NCPA - National Center for Policy Analysis


August 18, 2004

There has been an increase in the popularity of consumer-directed health plans, which have double or triple the deductibles of traditional health plans and offer incentives and support to help people spend their health care dollars wisely.

  • The plans, which currently account for about 2 percent of the market, are anticipated to grow to curb employers' rising health care costs.
  • The idea behind the plans is that when consumers are held solely responsible for a medical bill, they tend to think twice.
  • The plans take some control over spending away from employers and insurance companies, usually allowing consumers to select their doctors and hospitals.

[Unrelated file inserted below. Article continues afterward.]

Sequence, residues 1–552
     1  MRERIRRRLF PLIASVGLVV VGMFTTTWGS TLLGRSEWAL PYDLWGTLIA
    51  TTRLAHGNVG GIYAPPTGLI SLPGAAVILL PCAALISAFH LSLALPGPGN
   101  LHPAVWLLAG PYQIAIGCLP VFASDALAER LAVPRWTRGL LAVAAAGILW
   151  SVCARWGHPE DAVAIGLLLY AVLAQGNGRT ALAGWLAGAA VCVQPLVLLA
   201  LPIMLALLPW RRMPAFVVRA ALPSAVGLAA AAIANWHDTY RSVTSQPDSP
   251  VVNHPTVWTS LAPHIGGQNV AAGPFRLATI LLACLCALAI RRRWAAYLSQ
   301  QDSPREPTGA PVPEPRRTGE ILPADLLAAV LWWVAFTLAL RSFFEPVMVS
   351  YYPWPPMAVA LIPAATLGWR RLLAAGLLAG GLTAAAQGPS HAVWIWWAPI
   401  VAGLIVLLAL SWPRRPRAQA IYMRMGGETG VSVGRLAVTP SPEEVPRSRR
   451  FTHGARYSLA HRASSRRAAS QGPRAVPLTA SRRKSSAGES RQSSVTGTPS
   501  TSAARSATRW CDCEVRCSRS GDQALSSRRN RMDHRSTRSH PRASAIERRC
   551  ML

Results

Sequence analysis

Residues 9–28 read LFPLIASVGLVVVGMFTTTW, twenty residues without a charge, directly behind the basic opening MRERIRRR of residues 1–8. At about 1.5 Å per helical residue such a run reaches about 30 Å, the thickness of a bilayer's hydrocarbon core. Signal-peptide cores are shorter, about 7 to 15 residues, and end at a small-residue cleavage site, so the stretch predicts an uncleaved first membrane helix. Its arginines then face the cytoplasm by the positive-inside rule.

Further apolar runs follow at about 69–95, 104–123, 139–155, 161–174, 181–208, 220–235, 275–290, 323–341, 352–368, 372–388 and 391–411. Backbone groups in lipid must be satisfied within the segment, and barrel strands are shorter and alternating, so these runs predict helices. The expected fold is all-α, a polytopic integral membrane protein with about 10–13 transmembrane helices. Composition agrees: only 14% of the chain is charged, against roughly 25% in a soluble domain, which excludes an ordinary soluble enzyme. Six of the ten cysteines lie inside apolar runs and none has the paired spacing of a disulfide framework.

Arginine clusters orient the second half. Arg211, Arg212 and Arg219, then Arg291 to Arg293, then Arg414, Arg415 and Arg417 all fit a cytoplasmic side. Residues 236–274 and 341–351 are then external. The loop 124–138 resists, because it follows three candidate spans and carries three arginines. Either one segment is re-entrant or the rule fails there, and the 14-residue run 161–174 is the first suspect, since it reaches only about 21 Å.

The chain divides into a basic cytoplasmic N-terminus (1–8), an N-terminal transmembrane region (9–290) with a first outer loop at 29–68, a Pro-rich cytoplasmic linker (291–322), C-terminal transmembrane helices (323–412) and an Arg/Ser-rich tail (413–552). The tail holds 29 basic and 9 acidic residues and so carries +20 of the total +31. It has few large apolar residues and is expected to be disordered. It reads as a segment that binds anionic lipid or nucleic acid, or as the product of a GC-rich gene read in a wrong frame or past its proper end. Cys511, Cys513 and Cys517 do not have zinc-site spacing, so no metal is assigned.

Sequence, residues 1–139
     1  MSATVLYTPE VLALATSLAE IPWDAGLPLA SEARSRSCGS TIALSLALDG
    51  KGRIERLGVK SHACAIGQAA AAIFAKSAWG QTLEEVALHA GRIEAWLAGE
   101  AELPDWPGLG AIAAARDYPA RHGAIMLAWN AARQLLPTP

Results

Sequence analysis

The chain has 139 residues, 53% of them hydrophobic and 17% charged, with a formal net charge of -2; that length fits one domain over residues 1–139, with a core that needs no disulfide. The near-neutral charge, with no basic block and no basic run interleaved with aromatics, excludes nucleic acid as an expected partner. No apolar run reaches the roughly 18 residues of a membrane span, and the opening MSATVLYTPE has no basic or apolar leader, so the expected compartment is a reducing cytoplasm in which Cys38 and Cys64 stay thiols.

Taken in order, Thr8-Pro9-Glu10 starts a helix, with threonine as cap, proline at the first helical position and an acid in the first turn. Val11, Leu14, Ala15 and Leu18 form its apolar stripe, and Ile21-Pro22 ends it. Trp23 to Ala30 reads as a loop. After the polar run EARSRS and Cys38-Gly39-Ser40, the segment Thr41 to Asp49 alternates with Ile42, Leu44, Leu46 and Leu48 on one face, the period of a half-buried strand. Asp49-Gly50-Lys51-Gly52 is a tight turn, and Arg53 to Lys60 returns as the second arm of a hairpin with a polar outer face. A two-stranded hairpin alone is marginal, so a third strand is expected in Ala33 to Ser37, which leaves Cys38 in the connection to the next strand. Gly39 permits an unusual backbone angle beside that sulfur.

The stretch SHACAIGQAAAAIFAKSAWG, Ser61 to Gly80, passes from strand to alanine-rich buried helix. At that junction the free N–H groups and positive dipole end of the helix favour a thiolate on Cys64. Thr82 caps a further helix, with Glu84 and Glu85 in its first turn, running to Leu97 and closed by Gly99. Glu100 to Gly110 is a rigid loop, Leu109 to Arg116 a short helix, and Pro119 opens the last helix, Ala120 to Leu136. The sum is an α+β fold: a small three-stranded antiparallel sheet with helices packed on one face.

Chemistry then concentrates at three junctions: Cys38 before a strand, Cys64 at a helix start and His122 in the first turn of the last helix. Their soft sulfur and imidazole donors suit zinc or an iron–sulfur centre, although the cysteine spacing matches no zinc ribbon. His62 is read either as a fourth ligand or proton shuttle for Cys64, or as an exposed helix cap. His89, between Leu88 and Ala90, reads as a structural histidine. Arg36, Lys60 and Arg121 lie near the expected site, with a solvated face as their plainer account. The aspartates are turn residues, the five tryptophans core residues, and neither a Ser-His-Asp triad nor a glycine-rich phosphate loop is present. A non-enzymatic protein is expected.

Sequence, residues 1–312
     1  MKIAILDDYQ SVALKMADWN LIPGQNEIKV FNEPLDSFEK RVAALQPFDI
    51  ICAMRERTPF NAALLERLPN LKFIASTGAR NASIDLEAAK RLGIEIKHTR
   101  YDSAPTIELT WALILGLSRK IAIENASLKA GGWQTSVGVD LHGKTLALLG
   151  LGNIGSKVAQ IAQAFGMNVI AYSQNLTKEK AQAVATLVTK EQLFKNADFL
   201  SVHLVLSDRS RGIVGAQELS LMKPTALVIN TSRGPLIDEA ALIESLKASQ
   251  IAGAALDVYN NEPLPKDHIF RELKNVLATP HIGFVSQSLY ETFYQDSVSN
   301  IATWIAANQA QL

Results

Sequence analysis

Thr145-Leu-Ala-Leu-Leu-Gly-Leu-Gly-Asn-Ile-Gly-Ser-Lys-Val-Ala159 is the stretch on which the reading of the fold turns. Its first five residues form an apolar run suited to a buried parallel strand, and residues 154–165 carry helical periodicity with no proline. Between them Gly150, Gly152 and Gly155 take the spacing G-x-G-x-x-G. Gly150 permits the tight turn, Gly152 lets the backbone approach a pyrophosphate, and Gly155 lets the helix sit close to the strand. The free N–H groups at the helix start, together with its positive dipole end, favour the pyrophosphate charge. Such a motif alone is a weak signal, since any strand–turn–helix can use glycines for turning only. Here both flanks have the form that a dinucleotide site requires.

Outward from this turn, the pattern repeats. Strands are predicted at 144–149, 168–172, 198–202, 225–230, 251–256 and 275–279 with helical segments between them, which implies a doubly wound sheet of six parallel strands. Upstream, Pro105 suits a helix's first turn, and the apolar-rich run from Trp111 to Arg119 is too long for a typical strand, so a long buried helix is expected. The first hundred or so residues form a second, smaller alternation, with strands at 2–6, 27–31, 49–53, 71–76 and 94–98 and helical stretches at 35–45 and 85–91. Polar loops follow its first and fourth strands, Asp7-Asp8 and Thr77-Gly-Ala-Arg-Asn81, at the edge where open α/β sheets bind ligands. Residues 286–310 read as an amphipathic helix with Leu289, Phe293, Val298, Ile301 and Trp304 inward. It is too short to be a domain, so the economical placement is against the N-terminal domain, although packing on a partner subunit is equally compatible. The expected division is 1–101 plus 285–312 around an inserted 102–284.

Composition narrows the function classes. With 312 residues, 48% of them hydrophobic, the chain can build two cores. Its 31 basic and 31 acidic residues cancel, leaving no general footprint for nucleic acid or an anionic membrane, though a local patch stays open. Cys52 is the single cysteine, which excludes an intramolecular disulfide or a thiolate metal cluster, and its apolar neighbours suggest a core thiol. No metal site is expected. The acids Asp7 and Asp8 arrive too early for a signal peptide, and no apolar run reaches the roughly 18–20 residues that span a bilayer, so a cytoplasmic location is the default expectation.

• Critics say that such health care plans place a larger share of the costs on consumers and could dissuade them from seeking out needed care.

Forrester Research, an independent technology research firm, predicts consumer-directed plans could account for 7 percent of health insurance by 2007 and about 25 percent in five years.

Source: Shari Roan, "More Choice, at a Cost," Los Angeles Times, August 16, 2004 and Bradford J. Holmes, "Who Wants Consumer-Directed Health Plans," December 31, 2003.


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